The bed itself was large and supremely comfortable. Combined with great blackout curtains and quiet, ambient air-conditioning, I had a good rest. Both sides of the bed had two plug sockets, but unfortunately, these were not universal and so do require an adaptor. There was no master light switch either, but the lighting system was very intuitive (one benefit of a smaller room!) and there are bed lights that can be controlled from the side table.
The bathroom was also clean and functional. The fixed glass-door shower came with Pharmacopia products. There were also complimentary hygiene amenities and a high quality hairdryer – another detail that was appreciated.
One odd observation was the knock from room service at 8.45am one morning – I found this to be a little unreasonable, as many people would likely be busy getting ready for the day, so a tip is to make use of the Do Not Disturb facility.
Food & drink
The main restaurant outlet is the all-day dining Sailmaker, located beyond the lobby. It’s a lovely, large 272-seat space, though at breakfast in particular it gets very busy and you are likely to have to queue – those with club access should avoid.
During lunch, Sailmaker offers a health-focused buffet concept with lots of market-fresh salad dishes served in smaller, regularly replenished portions. Great for a light business lunch, and priced at A$35 (US$28) per person. At the weekend, the evening “seafood table” stars, with fresh shellfish, creamy salmon and more.
After dinner, heading up to rooftop bar Zephyr is an absolute must. You’ll meet plenty of well-heeled locals on the 12th floor enjoying innovative cocktails against the spectacular backdrop.
One of the standouts of this property is its 3,700 sqm of state-of-the-art venue space. The two ballrooms feature sail-like ceilings with customisable lighting and floor-to-ceiling windows to offer stunning Darling Harbour views. All of the basic tech in the room (such as shutters, pre-set lighting, temperature) can be easily controlled from a touchscreen wall panel, while the onsite AV team can help with more technical specifications. The venue also offers a four-ton car and goods lift, separate coach check-in facility for expedited registration of large groups and 21 meeting rooms.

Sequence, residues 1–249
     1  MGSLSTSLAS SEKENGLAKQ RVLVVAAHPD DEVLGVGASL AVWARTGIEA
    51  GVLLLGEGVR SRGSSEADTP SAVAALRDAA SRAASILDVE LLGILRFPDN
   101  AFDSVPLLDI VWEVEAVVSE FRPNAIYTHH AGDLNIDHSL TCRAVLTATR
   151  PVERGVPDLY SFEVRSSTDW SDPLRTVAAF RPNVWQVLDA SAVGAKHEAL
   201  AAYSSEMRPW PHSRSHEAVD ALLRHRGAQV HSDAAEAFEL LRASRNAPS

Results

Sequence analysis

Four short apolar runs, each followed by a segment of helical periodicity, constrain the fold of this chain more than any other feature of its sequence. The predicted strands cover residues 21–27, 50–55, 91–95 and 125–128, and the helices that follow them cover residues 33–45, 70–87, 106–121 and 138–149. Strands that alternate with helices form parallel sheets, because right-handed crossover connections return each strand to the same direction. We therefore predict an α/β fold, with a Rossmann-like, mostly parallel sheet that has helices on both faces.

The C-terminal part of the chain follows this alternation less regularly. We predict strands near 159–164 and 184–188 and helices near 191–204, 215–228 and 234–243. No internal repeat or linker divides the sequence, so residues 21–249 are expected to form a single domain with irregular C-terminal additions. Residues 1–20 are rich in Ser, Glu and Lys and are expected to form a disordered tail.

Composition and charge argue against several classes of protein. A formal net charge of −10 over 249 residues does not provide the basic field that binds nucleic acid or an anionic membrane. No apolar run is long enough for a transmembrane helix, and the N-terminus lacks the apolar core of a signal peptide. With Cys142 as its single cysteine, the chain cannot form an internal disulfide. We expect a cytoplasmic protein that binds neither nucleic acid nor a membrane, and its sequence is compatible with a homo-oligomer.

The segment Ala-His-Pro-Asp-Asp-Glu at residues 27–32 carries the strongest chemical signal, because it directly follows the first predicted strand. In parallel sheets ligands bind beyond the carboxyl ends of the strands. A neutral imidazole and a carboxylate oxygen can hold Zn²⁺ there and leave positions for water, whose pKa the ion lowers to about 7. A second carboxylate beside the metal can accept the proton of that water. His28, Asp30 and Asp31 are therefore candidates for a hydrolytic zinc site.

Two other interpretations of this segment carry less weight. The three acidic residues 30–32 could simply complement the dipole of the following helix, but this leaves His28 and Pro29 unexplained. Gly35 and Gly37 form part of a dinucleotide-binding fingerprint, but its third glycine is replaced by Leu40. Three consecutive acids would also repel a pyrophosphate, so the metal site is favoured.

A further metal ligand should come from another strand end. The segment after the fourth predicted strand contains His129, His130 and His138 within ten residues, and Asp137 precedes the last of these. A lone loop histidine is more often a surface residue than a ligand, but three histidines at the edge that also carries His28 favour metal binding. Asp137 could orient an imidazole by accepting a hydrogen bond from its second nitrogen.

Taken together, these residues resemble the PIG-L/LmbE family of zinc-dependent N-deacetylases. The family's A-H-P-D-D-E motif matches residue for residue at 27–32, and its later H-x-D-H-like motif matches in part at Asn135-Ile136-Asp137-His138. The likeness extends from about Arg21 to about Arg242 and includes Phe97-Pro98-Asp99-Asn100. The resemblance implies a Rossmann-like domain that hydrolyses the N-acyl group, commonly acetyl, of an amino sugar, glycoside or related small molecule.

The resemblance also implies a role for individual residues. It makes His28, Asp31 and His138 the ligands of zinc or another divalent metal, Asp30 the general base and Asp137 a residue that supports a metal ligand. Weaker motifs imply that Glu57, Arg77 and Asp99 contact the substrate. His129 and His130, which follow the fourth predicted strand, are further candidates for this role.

The Regency Club lounge is rather spectacular: the nautical theme that subtly runs throughout the hotel is perhaps most apparent in the design detail here. A lovely, bright space with plenty of comfortable and more formal seating arrangements, a good continental breakfast buffet spread (complete with live egg station), canapés and cocktails in the evening, and an elegant conference room – all with views over Darling Harbour. Check-in and check-out, concierge and printing facilities also available.
There is a 24-hour fitness centre with cardio and strength training on the 11th floor. Recently, the hotel entered into a partnership with Canon to host a rotating gallery in the hotel’s Heritage Bar, built in 1887. Another piece of history connected to the hotel is the Dundee Arms – a historic pub that has been the gathering place of Sydney siders and sailors since the 1860s.
An excellent choice for business travellers. I’d call this laid-back “Aussie-style” five-star, with an unpretentious focus on practicality over chandeliers. Fantastic location and good facilities.
Best for: Large groups and proximity to the CBD.
Don’t miss: Sundowners at Zephyr.
Price: Internet rates for a one-night stay in a Club Harbour View King room in mid-April start from A$511 (US$413)
Contact: Hyatt Regency Sydney, 161 Sussex Street, Sydney, New South Wales, Australia, 2000; +61 2 8099 1234; sydney.regency.hyatt.com